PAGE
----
- Resolving some genes involved in horn size and curvature. Currently, only two loci involved in the production of bovine horns are identified, the Polled locus and the Scurred locus. They only determine if the individual is polled or not and if the horns are scurred or not. But the genes involved in horn size and curvature are not studied. Horn size is likely a quantitative trait, but maybe there are one or a couple of loci that have a particularly large impact on horn size. Curvature is probably polygenic as well. If some loci involved in those two traits are resolved, the alleles found in the British aurochs of which the genome has been resolved in 2015 could be checked and traced down in living cattle, what would making selecting for aurochs-like horns much easier than it currently is. 

- Examining the Y chromosome of the Konik pony. So far, only the mitochondrial genome of the Konik pony has been examined. As domestic horses have a very limited Y chromosome diversity, finding unique haplotypes would be a strong hint for recent wild horse introgression, which would be the case if the Konik myth would be true. This, however, is very unlikely and it would be very nice to have it confirmed that also on the Y chromosome the Konik is a usual, robust domestic horse and not a surviving wild horse or a recent wild horse descendant.

- Resolving haplotypes in predomestic European wild horses and trying to trace them down in domestic horses. This would help to clarify how much wild horse introgression into the domestic horse gene pool there was in Europe, and also which breeds might have more influence from native European wild horses than others.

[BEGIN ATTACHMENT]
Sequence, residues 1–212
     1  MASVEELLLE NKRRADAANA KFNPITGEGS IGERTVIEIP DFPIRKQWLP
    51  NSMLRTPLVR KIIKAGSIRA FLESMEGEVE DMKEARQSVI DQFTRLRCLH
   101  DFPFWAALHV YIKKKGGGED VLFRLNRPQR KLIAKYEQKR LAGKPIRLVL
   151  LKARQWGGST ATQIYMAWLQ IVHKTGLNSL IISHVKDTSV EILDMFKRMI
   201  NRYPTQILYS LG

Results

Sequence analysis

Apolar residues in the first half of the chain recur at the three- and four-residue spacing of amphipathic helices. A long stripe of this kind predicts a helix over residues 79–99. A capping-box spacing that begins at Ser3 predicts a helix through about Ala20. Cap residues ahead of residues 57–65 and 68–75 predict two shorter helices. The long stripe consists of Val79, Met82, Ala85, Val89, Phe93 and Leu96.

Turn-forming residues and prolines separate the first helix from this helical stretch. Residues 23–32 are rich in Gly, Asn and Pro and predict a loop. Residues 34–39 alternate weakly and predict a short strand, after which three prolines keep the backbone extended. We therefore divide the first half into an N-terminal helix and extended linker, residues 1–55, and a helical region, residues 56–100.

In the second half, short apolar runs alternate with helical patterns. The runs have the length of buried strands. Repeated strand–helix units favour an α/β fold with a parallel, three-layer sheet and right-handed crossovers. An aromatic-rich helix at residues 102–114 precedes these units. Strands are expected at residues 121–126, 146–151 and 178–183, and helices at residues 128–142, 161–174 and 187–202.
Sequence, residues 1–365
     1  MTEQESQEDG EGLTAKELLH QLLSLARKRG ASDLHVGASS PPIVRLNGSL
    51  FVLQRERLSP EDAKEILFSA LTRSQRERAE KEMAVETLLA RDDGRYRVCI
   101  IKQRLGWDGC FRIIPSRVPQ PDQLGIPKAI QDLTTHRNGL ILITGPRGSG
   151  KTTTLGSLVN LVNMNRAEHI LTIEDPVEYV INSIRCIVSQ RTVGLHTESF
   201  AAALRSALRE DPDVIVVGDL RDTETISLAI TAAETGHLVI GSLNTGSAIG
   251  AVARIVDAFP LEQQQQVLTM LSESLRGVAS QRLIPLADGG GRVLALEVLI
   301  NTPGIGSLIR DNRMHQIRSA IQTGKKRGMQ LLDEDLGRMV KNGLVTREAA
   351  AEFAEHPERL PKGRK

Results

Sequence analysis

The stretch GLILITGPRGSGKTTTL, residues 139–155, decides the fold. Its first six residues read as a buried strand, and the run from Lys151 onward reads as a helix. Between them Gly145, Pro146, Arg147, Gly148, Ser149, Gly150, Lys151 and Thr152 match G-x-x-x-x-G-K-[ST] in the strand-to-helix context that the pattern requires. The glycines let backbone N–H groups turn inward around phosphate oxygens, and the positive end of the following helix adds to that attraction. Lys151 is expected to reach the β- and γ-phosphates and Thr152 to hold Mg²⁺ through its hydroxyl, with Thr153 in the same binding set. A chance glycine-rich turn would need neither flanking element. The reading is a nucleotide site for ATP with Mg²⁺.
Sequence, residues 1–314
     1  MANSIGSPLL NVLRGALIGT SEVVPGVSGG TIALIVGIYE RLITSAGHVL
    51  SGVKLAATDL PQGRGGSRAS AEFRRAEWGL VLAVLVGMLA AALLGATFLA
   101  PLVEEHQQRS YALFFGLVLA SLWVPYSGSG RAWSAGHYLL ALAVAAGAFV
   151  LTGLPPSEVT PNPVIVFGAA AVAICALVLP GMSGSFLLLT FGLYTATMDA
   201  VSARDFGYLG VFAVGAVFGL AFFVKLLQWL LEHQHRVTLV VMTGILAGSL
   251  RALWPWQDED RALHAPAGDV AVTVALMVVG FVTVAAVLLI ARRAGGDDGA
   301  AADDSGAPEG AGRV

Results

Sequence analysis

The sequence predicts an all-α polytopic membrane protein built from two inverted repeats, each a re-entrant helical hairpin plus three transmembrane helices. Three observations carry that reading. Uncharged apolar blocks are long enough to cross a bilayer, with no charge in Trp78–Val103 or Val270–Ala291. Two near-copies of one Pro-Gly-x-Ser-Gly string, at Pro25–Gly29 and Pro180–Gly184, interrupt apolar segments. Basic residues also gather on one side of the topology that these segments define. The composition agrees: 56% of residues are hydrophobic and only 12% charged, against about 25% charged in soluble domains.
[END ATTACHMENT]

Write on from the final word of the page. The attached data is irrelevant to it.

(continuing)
- Testing European wild horses for the dun allele. So far, the dun locus was tested only for two Siberian wild or ancient horses, which is a way too small sample size to tell us about the frequency of the respective alleles. Also, the locus was not examined in European wild horses, so that we do not know with certainty if they were black or black dun




  1. Reginald Winkler
    These are good suggestions! But wouldn't it make sense to also investigate the genetically relevant aspects of udder and testicle size? In my perception, many animals of the backbred lines, as well as many specimens of the used original robust breeds, have too large udders. The same often applies to the testicles of the bulls. This becomes particularly clear when comparing them with real wild cattle.

    Translated with (free version)

  2. Other than colouration is there any evidence to suggest what wild European horses looked like? As with cattle breeds I assume there must be horse breeds with phenotypic traits found in the extinct wild horse? With little fossil evidence and confusion with feral/ feral hybrids could genetics be used to resolve this?

    1. The problem is that morphology is genetically highly complex and controlled by hundreds or possibly thousands of genes. It would be much easier just to properly describe Holocene European wild horse skeletons that undoubtedly must be available, just nobody looked at them so far.


  3. If the original genes still exist in different old breeds, the best way to recombine them into an (almost) aurox is to cross the different breeds and let an environment similar to the aurox's habitat create selection of which animals get to pass on their genes.

    If there are 1000s of genes, it is especially important to have great genetic variation in the population that will reproduce the aurochs.

    A population can have great genetic variation but still be fairly homogenous phenotypically. That was probably the case with the wild original aurochs. /Niklas (Sweden)